Interfaith Community Arts Project Unfurls!

Abdullah Hasan felt the time just flew by.

Right before Thanksgiving, middle-schoolers from Pasadena’s New Horizon School, Weizmann Day School, and the Peace & Justice Academy joined forces with muralist Monica Guzowski to paint two enormous murals on canvas to support STEM (science, technology, engineering, and math) learning in Pasadena’s public elementary schools.

The project took shape after the Peace & Justice Academy was awarded two small grants. One was from the Pasadena Gun Buy Back Program with the intent to reach across boundaries and create bridges. The other came from Pasadena Rotary Club specifically to do a mural for a public school. The art was designed with Jackson Elementary School in mind and it is hoped that the murals will eventually be hung there.

This was the first time that the three schools had tackled a project together, and some of the students came with low expectations. Many of them had been involved in previous “interfaith” projects in which the emphasis was on the differences among them. This project, in contrast, was an opportunity to get to know each other and have fun. Alec Weissman, a 7th grader at Weizmann Day School, enjoyed the teambuilding games that were part of the day’s activities. He admitted that at the beginning of the day he stuck pretty close to his friends, but after the games, they split up and he made new friends. Said Alec, “I like the feeling of the religions coming together. It’s symbolic.”

Muralist Monica Guzowski cleans up after the work is done.

Abdullah Hasan, Noor Hasan (no relation) and Layla Karam, all 8th graders from New Horizons, were very happy with how fast the time flew. Abdullah said, “They say that time flies when you are having fun, right? Well, it flew today!” Noor admitted that in the beginning she, too, looked for her friends, but by the end of the day, “I couldn’t tell which people were from which school.” Layla enjoyed painting and getting to know new people. She reported that when the Muslim students stopped for midday prayers, they invited anyone who was interested to watch. Several of the Jewish students were astonished that they could understand some of the words in the prayers.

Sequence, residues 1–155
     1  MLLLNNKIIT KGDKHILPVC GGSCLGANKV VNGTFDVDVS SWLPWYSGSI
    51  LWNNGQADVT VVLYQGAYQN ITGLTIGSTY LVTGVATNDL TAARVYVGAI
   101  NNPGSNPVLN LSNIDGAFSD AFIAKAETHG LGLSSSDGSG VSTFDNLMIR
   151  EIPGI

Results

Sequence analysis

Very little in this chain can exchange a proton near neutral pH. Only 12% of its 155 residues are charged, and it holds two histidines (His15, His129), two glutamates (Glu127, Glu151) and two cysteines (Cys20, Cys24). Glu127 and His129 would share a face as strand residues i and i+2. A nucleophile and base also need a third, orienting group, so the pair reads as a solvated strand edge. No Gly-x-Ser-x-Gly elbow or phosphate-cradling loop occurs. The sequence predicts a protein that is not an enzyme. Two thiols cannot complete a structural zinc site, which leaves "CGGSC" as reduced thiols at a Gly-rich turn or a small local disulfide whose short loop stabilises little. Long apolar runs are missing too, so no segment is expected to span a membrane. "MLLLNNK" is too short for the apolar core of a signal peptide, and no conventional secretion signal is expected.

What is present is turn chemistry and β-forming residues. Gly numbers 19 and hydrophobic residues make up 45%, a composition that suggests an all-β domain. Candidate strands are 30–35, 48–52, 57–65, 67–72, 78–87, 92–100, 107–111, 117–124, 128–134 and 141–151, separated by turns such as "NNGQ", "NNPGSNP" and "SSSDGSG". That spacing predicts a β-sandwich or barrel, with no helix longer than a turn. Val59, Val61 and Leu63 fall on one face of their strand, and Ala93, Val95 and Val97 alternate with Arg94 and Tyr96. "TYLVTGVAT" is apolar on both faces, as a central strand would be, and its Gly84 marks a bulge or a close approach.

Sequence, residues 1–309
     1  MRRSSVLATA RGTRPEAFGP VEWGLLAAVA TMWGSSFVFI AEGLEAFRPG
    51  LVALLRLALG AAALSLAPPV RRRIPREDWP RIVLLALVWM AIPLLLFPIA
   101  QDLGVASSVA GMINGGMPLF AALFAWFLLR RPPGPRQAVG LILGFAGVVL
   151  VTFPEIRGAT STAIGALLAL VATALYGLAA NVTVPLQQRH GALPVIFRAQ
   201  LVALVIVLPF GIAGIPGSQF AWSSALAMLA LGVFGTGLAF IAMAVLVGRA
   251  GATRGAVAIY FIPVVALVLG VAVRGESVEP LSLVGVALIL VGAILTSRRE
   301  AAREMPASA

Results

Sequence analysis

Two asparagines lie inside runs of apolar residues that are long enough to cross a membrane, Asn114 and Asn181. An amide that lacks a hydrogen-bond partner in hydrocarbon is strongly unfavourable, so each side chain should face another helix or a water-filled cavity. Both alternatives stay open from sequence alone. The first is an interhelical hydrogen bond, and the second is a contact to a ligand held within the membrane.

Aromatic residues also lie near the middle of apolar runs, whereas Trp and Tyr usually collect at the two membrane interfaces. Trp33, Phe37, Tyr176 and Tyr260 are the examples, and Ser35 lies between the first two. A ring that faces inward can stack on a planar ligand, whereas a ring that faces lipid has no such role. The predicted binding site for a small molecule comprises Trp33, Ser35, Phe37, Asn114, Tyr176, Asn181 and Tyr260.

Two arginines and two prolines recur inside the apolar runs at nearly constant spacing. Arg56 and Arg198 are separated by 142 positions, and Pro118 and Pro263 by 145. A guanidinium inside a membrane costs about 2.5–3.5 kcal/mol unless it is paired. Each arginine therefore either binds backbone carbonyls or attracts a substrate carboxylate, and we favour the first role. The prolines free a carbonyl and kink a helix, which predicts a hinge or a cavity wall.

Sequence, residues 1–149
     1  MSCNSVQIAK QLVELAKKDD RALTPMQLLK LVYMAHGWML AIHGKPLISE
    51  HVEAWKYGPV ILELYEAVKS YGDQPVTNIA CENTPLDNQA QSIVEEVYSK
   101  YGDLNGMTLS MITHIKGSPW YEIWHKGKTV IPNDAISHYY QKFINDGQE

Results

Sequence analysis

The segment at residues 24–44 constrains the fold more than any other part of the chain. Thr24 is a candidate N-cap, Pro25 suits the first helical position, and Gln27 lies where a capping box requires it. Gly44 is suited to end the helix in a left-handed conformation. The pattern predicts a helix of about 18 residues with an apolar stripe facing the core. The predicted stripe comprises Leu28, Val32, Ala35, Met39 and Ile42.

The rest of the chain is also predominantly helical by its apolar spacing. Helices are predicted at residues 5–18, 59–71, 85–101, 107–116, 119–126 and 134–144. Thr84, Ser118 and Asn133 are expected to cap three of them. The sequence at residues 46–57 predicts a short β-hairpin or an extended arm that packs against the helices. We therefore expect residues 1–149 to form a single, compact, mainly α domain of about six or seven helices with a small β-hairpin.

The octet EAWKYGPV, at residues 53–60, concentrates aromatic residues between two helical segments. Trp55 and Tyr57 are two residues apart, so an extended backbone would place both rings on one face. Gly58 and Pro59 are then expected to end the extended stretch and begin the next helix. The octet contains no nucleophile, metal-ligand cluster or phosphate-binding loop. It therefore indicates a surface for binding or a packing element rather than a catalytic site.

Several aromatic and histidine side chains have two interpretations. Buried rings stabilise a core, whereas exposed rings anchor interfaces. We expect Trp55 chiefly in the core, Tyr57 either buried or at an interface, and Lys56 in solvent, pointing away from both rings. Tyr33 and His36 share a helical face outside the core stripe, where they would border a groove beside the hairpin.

The 60 middle school students were divided into four groups of 15 each. They worked on the murals in rotation, and when they weren’t painting they were playing games like Human Knot and Magic Bamboo, or getting some idea of what high school life is like at the Peace & Justice Academy Interfaith High School from upperclassmen Jacob Lightfoot and Casey Gibson.

The students from the Peace & Justice Academy were put in charge of various parts of the day. Kayla Rice and Nathaniel Hur organized and taught the games. Kayla enjoyed her leadership role and was amazed at how quickly the students learned the games. “The games are all about learning to work together towards a common goal. All the students learned really fast.”

Randy Christopher, co-executive director of the Peace & Justice Academy, thought the day went really well. “We have a tradition here at PAJA. After we do a collective project like this one, we come together for a moment to share what was most meaningful about the experience. So many of the students said the two words we wanted to hear: fun and community. That was the whole idea. Everyone is committed to doing this again.”

For more information about the Peace & Justice Academy Interfaith High School, go to



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